There’s been an incredible amount of controversy swirling around Dakota Fanning’s next film, Hounddog. I know Dakota Fanning and controversy aren’t words you usually hear together, but when she’s in a movie about child rape people tend to sit up and take notice.
Early reports which we brought you here indicated that the role she was being asked to undertake would involve some things that can only be considered truly horrific for a still pre-teen girl. Originally, the script was rumored to call for Fanning’s character “to be raped in one explicit scene and to appear naked or clad only in underpants.” That single sentence launched a firestorm of outrage, and rightly so. Acting or not, putting a kid in that situation is questionable at best and flat out satanic evil at worst.
Since running that story, Hounddog has become one of the most hotly debated films on Cinema Blend. Our comments section on that story is still blazing away with a mix of creepy possible pedophiles and shocked parents outraged that her parents would allow her to do this. Honestly, half the people we’ve had commenting on it flat out ought to be in prison, which only makes the whole thing a little more disgusting. There are actually people out there slavering to see Dakota Fanning naked. Not just one or two, but a lot of them. It’s sick.
Happily, it’s starting to sound like those early reports of Dakota Fanning being stripped nude and raped for Oscar gold may have been somewhat exaggerated. Hounddog is currently screening at the Sundance Film Festival, and early reports from critics who have seen the film indicate the contested rape scene has been greatly minimized.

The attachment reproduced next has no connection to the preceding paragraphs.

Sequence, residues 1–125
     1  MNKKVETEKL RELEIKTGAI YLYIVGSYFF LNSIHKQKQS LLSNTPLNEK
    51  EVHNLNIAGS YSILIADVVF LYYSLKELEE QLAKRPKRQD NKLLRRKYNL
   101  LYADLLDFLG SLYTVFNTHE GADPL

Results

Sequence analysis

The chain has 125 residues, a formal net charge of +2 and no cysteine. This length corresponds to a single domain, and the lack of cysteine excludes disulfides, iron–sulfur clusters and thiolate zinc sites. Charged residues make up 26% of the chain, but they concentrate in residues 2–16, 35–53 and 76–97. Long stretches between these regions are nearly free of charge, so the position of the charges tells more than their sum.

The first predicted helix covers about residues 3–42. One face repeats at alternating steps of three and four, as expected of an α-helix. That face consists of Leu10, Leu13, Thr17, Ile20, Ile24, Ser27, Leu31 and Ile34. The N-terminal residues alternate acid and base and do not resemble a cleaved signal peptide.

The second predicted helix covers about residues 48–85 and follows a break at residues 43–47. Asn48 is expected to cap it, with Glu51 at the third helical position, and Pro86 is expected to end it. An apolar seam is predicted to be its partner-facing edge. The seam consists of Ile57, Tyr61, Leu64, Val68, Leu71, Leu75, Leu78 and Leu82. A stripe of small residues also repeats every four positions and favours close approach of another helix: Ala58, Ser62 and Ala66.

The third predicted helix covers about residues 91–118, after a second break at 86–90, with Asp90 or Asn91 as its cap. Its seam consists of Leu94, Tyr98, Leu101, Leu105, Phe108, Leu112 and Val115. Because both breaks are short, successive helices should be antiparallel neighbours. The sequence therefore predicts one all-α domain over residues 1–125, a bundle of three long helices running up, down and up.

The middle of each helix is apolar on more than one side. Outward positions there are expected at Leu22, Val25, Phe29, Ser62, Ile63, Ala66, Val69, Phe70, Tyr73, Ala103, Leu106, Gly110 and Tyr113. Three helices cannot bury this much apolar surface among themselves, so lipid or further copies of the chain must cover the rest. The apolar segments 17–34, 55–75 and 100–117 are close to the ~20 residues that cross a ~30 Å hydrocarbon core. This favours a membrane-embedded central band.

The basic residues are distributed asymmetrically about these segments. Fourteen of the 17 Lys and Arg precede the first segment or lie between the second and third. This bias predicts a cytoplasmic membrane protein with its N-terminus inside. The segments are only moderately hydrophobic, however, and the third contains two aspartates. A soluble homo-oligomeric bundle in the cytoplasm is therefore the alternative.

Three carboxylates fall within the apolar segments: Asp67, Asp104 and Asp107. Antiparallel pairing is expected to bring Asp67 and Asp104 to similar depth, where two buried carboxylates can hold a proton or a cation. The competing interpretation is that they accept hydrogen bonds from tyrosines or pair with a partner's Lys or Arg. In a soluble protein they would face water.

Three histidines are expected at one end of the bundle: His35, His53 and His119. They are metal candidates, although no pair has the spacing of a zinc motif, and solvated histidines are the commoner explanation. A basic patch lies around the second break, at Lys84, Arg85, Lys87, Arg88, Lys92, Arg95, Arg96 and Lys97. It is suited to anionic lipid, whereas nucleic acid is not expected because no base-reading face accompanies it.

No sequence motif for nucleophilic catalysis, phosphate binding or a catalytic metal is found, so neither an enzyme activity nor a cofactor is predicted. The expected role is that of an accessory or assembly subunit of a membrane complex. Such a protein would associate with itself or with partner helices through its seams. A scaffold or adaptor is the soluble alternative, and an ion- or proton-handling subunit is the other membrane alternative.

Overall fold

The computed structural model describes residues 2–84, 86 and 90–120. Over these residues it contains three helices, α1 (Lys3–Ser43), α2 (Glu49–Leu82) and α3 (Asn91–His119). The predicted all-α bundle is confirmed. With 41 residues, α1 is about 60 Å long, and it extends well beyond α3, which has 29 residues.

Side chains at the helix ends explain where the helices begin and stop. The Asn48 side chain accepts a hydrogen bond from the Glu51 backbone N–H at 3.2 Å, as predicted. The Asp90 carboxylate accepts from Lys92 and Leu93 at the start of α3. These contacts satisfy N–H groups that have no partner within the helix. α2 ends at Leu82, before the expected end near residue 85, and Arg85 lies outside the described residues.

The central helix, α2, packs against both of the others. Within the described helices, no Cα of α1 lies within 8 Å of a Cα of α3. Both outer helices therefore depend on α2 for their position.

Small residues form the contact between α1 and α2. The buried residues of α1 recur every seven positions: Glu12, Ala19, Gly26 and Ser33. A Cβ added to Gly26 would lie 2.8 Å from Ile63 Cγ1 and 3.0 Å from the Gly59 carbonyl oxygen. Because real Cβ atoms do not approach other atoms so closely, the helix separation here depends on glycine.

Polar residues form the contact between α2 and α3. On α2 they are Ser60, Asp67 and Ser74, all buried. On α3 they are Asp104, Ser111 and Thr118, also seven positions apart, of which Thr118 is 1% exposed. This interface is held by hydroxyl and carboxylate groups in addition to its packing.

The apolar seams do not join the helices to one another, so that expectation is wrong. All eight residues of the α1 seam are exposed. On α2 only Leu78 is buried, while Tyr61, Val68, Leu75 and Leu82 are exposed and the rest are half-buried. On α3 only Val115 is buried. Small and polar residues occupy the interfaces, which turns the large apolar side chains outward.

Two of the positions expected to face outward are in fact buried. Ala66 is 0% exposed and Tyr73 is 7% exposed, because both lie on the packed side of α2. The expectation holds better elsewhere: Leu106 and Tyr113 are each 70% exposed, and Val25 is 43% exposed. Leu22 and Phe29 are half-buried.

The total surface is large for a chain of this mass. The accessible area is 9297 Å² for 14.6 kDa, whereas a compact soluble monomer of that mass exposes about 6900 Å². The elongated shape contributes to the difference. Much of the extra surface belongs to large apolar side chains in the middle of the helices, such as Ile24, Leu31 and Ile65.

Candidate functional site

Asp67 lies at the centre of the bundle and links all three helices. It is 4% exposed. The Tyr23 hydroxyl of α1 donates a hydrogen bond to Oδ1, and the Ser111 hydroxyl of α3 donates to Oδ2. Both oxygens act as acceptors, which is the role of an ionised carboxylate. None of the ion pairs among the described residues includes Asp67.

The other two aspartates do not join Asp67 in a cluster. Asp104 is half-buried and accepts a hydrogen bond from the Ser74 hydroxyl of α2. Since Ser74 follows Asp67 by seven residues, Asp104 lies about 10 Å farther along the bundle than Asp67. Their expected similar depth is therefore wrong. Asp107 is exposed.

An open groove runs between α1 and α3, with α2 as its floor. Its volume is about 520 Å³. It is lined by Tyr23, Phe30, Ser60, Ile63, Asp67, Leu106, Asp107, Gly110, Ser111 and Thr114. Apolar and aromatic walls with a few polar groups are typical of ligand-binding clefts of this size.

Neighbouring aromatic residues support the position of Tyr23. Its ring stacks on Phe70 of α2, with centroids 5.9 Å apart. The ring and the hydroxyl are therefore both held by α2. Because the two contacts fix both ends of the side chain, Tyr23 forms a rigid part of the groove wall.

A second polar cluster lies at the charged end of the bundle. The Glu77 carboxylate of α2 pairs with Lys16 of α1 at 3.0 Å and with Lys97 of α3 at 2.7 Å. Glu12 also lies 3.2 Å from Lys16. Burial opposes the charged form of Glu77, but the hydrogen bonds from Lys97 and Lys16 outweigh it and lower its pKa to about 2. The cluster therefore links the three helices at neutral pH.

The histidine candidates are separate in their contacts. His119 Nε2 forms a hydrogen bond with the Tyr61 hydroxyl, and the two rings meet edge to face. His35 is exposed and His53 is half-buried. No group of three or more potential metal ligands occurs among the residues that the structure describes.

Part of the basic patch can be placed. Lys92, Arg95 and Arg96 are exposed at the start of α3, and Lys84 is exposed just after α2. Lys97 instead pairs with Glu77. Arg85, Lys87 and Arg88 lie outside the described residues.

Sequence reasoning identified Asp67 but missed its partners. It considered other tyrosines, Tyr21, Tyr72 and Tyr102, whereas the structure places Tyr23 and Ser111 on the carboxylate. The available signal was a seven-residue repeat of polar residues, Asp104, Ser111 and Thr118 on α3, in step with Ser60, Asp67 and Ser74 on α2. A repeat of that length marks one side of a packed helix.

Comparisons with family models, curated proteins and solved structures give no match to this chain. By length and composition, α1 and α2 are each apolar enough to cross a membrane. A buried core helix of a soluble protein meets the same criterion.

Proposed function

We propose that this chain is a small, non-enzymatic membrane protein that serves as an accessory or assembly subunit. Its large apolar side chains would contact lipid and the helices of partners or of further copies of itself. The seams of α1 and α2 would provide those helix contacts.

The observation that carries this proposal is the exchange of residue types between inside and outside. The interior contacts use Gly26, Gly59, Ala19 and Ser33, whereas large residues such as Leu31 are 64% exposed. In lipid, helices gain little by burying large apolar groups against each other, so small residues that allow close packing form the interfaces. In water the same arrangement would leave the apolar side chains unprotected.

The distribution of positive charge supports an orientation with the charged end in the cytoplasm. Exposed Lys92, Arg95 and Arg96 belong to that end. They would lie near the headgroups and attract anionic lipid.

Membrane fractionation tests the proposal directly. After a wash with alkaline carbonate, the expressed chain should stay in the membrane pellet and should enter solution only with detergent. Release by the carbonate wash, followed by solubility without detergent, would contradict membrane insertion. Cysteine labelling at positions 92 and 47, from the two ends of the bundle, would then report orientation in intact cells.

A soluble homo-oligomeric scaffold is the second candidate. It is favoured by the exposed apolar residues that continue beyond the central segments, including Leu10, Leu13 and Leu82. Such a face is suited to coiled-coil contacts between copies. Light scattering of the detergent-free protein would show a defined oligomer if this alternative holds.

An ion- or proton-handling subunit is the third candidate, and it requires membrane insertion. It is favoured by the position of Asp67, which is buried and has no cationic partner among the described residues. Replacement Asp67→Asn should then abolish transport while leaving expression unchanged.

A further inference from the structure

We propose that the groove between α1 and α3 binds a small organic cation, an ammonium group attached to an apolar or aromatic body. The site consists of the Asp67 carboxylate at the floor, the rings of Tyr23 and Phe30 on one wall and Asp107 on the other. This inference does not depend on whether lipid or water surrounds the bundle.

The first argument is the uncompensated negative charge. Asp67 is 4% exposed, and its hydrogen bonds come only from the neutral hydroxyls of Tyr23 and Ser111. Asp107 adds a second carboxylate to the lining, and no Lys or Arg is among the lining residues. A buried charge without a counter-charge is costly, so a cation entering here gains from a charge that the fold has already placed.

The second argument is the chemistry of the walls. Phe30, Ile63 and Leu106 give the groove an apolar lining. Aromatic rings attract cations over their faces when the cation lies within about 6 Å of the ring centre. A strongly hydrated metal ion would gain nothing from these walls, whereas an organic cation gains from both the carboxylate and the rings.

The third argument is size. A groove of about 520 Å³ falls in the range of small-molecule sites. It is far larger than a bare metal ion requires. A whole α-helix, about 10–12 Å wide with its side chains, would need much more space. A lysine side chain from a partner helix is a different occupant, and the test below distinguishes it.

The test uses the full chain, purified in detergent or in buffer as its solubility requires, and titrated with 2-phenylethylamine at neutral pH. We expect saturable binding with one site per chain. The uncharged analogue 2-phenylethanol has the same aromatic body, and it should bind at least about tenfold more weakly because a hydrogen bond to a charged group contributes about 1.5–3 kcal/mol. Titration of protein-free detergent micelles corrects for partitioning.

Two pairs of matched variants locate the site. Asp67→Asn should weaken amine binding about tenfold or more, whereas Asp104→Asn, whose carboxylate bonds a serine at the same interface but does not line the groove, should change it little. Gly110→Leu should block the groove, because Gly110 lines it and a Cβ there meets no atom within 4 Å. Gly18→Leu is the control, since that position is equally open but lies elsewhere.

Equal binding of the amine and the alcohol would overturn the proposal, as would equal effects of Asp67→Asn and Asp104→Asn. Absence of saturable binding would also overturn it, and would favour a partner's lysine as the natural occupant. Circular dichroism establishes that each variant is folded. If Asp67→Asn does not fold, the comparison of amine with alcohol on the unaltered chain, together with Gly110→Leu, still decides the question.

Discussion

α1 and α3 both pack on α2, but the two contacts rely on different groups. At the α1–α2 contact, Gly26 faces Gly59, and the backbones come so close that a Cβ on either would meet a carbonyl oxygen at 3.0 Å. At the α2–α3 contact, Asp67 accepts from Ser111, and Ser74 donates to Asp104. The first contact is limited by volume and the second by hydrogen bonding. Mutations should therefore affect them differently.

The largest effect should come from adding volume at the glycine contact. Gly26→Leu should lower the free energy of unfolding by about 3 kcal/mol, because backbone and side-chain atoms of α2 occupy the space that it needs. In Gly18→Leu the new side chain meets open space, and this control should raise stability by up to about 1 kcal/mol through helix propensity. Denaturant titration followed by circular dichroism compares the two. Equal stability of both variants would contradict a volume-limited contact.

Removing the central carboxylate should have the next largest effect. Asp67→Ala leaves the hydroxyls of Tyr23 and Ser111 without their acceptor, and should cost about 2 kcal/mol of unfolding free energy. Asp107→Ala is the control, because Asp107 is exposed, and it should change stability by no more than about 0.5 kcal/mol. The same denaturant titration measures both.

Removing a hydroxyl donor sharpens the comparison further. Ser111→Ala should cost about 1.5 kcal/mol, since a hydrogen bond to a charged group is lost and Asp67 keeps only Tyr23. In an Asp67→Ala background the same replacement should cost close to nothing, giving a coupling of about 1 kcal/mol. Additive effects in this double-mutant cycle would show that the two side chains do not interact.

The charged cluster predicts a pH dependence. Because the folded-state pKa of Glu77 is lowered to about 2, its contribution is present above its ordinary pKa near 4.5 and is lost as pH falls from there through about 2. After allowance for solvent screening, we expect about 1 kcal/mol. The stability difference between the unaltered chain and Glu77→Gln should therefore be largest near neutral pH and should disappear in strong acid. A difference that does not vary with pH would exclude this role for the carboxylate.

AICN for instance has a review from a scooper who says, “Although that scene would be repulsive due to its subject matter alone, it is handled as tastefully as possible: the camera focuses on Fanning's face, hands, and feet, and the scene does not linger exploitatively. It is as brief as it could be while still getting its impact across.” To me, that sounds a lot more acceptable than early descriptions of what she was being asked to do.
To further ease all of our minds, the Richard over at Filmstalker claims that from what he’s been able to dig up, “she was probably just asked to pretend she was being held down and she was fighting against someone holding her.” He adds, “She had her clothes on and there was no one around her except for the usual behind the scenes crew, according to those on set there is no other actor with her in that scene, she's on her own.”
So look, controversy over right? There’s nothing sick going on here. Move along. Dakota Fanning does not need protected, right? The Catholic League disagrees. Variety says they’re calling for it to be investigated as child pornography. They claim that even though Dakota says she wanted to do it, a 12-year-old is not qualified to make those kinds of decisions. “The process by which the child actor or actress gets to do this ... it's not like a kid wants a minibike or karate lessons. A lot of weight is being put on this child,” says one child protection consultant.
Except it’s really starting to sound like she didn’t’ do anything. So what’s with all the saber rattling? But they’re asking, “Who's looking out for this kid? My question would be, 'What do you need my client in this scene for? You can't find an arm or a leg in Hollywood?'”
Look, when this story first broke, long before anyone saw the film, I was as outraged as anyone. It sounded sick, twisted, and really really wrong. But those original reports were clearly exaggerated and from what people who have actually seen the film are saying, it doesn’t sound like there was anything morally unacceptable going on. Dakota’s mother let her do it, she didn’t do anything too outside the realm of acceptability for a 12-year-old, so why are we still talking about this? Time to drop it folks.